Journal Archive > 2002 > February

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'Fish' EllisÑan all-time Tufts athletic great

Fred M. Ellis, E29, fondly known as "Fish," served as chairman of the physical education department at Tufts and director of intramural sports for 14 years. He is considered to be one of the college's all-time athletic greats and was the first student to earn varsity letters in four sports.

Frederick "Fish" Ellis Photo courtesy of University Archives

Ellis was born in Norwood, Mass., in 1906. His family moved to the fishing port of Gloucester, Mass., where he earned the nickname "Fish," and then to Medford in 1922. He graduated from Medford High School and entered Tufts in 1925, majoring in civil engineering. Ellis became one of the greatest football players ever to attend Tufts, quarterbacking the undefeated team in 1927 and serving as team captain in 1928. He lettered in football, basketball, baseball and track during his undergraduate career, winning All New England honors in each.

Following his graduation in 1929, Ellis worked as a teacher and athletic director at Bridgton Academy in Maine. He moved on in 1934 to coach and teach math in Beverly, Mass., for six years.

In 1931, he married his college sweetheart, Dorothea Loughlin, J31. She graduated from Jackson College in the morning; they were married in the afternoon, and the newlyweds attended the senior prom that night.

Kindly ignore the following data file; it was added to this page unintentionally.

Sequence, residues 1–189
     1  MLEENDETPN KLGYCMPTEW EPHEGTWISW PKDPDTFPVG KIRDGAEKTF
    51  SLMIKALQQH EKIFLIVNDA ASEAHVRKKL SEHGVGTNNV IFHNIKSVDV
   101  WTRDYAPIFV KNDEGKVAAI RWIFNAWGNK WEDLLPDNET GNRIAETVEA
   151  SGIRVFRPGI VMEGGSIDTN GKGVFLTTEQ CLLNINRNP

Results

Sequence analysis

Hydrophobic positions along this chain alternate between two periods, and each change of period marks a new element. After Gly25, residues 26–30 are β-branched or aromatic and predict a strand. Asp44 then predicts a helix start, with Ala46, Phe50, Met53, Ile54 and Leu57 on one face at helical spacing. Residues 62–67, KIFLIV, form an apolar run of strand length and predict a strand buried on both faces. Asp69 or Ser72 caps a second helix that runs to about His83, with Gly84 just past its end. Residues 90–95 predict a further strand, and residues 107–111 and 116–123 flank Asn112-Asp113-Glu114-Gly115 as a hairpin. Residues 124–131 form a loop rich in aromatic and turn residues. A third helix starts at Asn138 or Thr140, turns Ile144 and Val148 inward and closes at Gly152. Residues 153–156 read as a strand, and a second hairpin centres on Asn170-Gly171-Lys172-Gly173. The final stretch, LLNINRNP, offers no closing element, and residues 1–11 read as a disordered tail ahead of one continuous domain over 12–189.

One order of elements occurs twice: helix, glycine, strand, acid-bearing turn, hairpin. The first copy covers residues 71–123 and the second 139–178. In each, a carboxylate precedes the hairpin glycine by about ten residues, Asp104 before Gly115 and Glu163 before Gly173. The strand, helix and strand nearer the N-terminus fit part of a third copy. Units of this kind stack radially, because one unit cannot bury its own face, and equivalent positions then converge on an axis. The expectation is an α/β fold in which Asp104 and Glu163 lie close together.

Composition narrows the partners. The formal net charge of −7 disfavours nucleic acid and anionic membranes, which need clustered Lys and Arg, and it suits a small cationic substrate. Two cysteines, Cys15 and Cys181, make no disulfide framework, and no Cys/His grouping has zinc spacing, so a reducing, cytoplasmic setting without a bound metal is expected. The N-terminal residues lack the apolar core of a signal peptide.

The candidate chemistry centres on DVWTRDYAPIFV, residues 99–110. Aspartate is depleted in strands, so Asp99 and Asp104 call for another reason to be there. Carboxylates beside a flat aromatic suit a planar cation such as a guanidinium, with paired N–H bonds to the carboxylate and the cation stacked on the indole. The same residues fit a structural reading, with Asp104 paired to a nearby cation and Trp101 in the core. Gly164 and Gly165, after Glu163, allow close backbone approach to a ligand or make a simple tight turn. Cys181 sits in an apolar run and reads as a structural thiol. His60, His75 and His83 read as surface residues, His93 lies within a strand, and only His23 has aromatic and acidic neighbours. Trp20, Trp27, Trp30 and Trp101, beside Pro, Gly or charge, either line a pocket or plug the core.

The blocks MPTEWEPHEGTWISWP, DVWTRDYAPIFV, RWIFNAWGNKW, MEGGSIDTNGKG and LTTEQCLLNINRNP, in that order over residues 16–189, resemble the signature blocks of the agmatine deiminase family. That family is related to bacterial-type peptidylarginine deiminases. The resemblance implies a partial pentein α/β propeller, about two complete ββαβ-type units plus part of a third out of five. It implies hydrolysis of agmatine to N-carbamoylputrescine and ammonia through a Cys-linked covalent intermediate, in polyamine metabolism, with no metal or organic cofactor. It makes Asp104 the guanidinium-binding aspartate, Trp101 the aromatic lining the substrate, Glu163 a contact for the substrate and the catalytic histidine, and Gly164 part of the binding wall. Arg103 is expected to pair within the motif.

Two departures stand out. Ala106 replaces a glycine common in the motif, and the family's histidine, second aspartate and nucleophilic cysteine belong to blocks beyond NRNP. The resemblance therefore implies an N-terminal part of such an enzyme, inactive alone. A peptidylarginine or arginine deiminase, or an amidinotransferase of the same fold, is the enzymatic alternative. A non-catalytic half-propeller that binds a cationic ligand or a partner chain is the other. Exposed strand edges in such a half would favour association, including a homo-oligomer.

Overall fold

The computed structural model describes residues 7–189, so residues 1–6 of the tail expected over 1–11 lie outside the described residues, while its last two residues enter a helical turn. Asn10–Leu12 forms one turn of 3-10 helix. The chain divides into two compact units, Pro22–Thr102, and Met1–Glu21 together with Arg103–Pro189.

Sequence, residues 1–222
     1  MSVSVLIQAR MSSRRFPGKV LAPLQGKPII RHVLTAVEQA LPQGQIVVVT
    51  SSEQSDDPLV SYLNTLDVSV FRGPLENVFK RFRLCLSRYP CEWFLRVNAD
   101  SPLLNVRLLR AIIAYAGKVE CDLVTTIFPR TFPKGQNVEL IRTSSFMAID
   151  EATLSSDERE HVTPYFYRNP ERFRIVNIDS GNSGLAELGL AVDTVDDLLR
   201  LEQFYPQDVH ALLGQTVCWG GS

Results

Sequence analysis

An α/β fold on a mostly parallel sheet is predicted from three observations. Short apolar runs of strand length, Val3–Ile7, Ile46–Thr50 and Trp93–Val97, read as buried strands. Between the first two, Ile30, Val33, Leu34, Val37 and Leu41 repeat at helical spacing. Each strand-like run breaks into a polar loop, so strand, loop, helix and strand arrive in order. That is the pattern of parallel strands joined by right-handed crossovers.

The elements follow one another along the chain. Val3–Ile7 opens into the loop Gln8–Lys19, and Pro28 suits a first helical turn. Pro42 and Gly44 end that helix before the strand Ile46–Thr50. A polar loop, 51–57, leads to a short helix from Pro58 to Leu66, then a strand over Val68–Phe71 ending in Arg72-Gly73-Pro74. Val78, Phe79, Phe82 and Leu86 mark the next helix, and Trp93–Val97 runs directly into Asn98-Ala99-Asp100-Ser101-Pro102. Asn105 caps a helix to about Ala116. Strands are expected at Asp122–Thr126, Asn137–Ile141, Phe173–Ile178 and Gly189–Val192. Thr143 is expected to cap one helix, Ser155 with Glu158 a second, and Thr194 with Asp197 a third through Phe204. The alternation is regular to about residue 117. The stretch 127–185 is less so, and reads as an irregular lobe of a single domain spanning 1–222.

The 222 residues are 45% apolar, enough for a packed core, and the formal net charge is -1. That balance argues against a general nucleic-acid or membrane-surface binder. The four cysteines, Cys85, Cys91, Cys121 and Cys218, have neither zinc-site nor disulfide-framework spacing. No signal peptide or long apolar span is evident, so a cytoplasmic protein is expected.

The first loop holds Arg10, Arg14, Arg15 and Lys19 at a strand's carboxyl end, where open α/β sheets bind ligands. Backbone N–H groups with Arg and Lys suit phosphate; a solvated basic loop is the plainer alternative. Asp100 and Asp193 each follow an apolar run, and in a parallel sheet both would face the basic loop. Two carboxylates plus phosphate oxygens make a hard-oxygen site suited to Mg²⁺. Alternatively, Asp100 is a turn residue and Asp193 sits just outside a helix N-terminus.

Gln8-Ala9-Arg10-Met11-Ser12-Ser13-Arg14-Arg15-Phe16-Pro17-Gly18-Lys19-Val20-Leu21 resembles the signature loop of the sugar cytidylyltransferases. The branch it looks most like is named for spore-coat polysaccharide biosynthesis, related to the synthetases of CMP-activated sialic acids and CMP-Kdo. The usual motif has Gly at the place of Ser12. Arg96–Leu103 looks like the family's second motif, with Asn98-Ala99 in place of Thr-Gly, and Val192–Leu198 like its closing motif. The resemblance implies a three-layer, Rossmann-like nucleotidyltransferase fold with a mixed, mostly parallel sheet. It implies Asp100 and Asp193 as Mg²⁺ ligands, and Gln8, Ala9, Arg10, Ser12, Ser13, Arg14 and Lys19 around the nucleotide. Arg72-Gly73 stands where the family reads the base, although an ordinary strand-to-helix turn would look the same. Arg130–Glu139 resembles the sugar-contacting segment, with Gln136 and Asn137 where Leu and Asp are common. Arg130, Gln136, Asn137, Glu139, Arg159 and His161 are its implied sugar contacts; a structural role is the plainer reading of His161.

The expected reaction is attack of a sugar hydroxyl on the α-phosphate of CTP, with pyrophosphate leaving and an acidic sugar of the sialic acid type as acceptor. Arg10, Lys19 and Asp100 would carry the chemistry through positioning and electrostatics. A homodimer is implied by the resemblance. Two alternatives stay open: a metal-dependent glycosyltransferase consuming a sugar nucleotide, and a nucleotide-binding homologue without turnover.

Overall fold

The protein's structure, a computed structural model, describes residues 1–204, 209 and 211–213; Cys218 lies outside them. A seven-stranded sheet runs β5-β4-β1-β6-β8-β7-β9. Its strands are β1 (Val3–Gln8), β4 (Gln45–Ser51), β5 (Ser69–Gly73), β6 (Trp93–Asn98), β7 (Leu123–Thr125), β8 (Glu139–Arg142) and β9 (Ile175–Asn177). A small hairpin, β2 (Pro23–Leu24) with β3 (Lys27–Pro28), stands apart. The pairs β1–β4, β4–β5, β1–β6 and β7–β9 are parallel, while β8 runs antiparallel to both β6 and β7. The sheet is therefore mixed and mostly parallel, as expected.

In 1940, Ellis was appointed athletic director, coach and instructor at Dean Academy in Franklin, Mass. A major in the Army Air Corps from March 1943 to June 1946, Ellis served with the Third Air Commando group in New Guinea, the Philippines, the Caroline Islands and Japan. Before entering the military, Ellis had been an assistant coach at Tufts and renewed his involvement with the university as assistant professor of physical education and head coach of the football team in 1946. By 1954, he had become a full professor in physical education and was also coaching the basketball and golf teams in addition to football.

During his 20 years as head football coach, the teams compiled a 57-35-2 record, including nine straight winning seasons. Ellis was honored as New England Coach of the Year in 1959 and as NCAA District I Coach of the Year in 1960. He stopped coaching in 1966 to devote more time to his responsibilities as director of athletics. At Homecoming in 1969, the football field at Tufts was designated the Frederick M. Ellis Oval.

Ellis retired in 1974, and was elected to the Hall of Fame of the National Association of Collegiate Directors of Athletics.

Editor's Note: As the university celebrates its sesquicentennial this year, the Journal will take a look back at some of the history and traditions of Tufts. Thanks to Anne Sauer in University Archives for providing these glimpses into Tufts' past. For information about sesquicentennial events, visit the web site: